Are the terrible twos real? Well, if we want them to be, maybe. Lack of vocabulary, grandiose demands, and a high need for independence equals an enormous task of patience for those of us navigating these toddler waters. Most of the time, I tend to think toddlers are just curious little people desperately trying to figure out the world. They are doing the best they can with what they have, which might mean your house has turned into their giant science experiment. But, every mess they make, every question they have, is an opportunity to learn. As much as we know this is true, it doesn’t always help us when we are in the middle of their mess.
During these years, it is so easy to get frustrated and react in ways you wish you hadn't. When this happens, the truth is:
You're not a bad parent - you're human.
However, it is important to recognize your reaction and realize you need a plan for the next time. Remember, the goal is a connection, not perfection.
Three Tips (for Not Losing Your Mind on those Challenging Toddler Days)
1. Focus on the "End Goal"
With toddlers, every moment of every day has the potential to go poorly. They might not get the color cup they want. They may have a difficult time putting on their socks (but won’t let you do it because “I do it!”). First, recognize this is an overwhelming moment, and then set your sights on the end goal of connection. Use a question like, “would you like to do it, or would you like me to help?” Affirm their effort, and keep moving forward. They might have a melt down….and you might beat them to it if your patience has worn thin. If you mess up, it is ok. Use this as an opportunity to model for your child that it's ok to make mistakes, but also how to say sorry.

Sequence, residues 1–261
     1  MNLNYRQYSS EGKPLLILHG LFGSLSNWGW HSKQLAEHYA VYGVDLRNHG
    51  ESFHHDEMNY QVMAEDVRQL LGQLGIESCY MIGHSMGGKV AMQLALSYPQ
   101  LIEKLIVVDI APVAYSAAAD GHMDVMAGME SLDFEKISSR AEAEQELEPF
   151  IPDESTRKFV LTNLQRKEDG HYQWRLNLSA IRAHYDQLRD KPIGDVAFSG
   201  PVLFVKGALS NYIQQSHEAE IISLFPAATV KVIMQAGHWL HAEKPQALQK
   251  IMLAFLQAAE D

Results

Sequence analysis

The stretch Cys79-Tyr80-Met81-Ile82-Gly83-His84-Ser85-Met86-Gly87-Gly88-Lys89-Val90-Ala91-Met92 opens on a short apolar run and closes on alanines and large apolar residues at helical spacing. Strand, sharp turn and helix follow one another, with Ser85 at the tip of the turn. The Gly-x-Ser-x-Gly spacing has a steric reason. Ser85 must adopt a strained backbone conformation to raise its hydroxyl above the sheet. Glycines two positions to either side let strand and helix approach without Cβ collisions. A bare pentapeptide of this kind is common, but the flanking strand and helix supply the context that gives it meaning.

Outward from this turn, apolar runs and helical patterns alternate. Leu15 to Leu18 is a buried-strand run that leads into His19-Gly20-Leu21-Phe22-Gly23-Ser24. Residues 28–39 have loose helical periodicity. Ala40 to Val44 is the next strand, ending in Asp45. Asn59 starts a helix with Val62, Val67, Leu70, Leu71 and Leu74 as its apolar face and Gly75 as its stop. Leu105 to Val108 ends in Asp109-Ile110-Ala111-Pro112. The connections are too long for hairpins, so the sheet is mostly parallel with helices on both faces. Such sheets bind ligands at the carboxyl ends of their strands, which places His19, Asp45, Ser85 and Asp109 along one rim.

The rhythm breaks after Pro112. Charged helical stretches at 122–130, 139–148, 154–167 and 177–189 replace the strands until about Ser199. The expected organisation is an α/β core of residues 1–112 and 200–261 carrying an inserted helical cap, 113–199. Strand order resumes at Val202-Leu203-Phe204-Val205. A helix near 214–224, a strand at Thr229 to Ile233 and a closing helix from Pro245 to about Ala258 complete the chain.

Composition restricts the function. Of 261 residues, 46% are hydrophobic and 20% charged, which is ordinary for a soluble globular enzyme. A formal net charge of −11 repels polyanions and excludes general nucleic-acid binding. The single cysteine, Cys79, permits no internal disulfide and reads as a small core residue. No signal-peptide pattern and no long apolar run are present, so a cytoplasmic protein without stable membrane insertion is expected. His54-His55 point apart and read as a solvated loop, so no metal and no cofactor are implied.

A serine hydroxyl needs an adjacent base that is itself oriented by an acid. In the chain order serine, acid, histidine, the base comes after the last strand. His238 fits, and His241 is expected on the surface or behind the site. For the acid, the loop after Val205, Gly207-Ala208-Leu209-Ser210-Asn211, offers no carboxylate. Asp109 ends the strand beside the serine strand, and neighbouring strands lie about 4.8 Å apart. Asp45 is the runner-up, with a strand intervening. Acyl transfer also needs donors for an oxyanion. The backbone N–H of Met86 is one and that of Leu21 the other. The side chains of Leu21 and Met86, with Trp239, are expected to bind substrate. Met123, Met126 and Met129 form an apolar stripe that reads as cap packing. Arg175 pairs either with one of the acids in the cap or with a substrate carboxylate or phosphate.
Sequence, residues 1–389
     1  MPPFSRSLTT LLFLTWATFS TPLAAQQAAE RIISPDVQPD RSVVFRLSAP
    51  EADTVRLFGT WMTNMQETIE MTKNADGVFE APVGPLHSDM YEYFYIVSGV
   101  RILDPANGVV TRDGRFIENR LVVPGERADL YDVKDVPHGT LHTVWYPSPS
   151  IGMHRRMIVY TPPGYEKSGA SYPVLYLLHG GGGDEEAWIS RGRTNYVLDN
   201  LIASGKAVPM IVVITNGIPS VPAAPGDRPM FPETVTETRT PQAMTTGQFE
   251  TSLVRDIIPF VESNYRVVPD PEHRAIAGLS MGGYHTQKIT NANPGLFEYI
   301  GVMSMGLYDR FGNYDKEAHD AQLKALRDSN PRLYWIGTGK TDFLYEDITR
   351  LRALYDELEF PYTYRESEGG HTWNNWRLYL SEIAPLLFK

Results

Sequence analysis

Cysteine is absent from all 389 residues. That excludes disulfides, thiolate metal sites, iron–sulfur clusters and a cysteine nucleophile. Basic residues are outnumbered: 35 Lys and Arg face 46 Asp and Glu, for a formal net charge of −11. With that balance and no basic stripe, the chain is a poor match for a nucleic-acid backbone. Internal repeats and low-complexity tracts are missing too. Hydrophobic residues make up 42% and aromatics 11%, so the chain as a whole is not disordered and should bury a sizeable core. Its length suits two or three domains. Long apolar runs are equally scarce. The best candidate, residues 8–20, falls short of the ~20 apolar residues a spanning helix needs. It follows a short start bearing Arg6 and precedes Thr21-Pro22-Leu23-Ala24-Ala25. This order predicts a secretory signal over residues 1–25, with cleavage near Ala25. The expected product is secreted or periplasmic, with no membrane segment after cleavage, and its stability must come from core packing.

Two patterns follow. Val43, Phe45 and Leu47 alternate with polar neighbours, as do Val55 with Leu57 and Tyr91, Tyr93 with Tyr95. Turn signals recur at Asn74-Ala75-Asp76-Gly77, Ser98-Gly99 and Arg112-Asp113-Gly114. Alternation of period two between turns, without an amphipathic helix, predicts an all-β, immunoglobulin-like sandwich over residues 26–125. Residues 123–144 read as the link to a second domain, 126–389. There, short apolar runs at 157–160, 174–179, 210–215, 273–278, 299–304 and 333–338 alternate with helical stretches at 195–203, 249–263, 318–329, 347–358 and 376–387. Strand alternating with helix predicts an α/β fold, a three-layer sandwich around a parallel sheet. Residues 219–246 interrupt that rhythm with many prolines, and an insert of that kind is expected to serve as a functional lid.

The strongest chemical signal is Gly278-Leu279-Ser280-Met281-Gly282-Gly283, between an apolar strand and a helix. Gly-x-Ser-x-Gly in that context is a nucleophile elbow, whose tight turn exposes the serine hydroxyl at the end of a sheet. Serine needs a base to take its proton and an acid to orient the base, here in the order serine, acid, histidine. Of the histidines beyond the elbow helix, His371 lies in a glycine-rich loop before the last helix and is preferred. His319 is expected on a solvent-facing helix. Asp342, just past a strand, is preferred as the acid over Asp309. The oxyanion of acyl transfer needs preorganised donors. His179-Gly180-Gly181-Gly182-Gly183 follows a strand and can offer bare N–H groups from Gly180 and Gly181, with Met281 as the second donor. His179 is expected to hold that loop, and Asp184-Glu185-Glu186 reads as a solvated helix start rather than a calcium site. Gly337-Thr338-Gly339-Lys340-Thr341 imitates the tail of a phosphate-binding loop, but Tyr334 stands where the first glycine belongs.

2. Look at the Heart Behind the Action
Sometimes a toddler might be making a big mess, but their heart was to help. For example, if a two-year-old sees you change your newborn’s diaper, she might try to pick up the baby, remove the diaper, and change the messy diaper for you. You now have a giant mess despite your 'helpful' toddler. Use these kinds of moments to encourage their autonomy, then take the time to teach them how to clean up their mess.
3. Remember they Understand more than they Communicate
Our toddlers are watching us all the time. Toddlers will mimic your actions before they articulate words. They can express the heart and spirit behind your words before they can say a single word. Have you ever seen a one-year-old make a mad face and stomp her foot? Even babies are capable of expressing emotion. Our actions and emotions express our truth.
People, including toddlers, will believe our actions more than our words. Being able to walk this out takes practice and work. There are many moments we won’t get it right.
Don’t Worry! When our actions cause disconnection, it is repairable.
Tomorrow is another day!
PS) How can you keep moving forward today even when you feel like you have failed your toddler?
PSS) This piece is directly inspired by Connection with Toddlers from the Priority of Connection track in the Life Academy. This track helps us develop skills to successfully pursue and strengthen the heart connection we have with our children.